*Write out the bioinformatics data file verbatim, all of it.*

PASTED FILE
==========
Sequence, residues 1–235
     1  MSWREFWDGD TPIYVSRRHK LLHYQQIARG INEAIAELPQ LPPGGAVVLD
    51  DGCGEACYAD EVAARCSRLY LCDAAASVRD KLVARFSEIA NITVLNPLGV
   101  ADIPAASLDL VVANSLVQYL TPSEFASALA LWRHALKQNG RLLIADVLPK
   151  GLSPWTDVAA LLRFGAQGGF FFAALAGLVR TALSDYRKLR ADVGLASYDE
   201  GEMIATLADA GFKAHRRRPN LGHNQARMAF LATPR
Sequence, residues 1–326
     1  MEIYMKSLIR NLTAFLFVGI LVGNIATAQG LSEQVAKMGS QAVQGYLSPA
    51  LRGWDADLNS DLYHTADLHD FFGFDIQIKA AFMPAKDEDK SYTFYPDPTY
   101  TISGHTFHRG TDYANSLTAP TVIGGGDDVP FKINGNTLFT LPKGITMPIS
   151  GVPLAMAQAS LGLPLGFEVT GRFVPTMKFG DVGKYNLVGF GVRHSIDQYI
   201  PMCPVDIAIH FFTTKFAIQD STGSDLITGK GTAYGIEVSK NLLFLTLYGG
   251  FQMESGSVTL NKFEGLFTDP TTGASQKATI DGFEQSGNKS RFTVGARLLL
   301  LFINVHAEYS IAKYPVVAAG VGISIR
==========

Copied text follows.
Sequence, residues 1–235
     1  MSWREFWDGD TPIYVSRRHK LLHYQQIARG INEAIAELPQ LPPGGAVVLD
    51  DGCGEACYAD EVAARCSRLY LCDAAASVRD KLVARFSEIA NITVLNPLGV
   101  ADIPAASLDL VVANSLVQYL TPSEFASALA LWRHALKQNG RLLIADVLPK
   151  GLSPWTDVAA LLRFGAQGGF FFAALAGLVR TALSDYRKLR ADVGLASYDE
   201  GEMIATLADA GFKAHRRRPN LGHNQARMAF LATPR
Sequence, residues 1–326
     1  MEIYMKSLIR NLTAFLFVGI LVGNIATAQG LSEQVAKMGS QAVQGYLSPA
    51  LRGWDADLNS DLYHTADLHD FFGFDIQIKA AFMPAKDEDK SYTFYPDPTY
   101  TISGHTFHRG TDYANSLTAP TVIGGGDDVP FKINGNTLFT LPKGITMPIS
   151  GVPLAMAQAS LGLPLGFEVT GRFVPTMKFG DVGKYNLVGF GVRHSIDQYI
   201  PMCPVDIAIH FFTTKFAIQD STGSDLITGK GTAYGIEVSK NLLFLTLYGG
   251  FQMESGSVTL NKFEGLFTDP TTGASQKATI DGFEQSGNKS RFTVGARLLL
   301  LFINVHAEYS IAKYPVVAAG VGISIR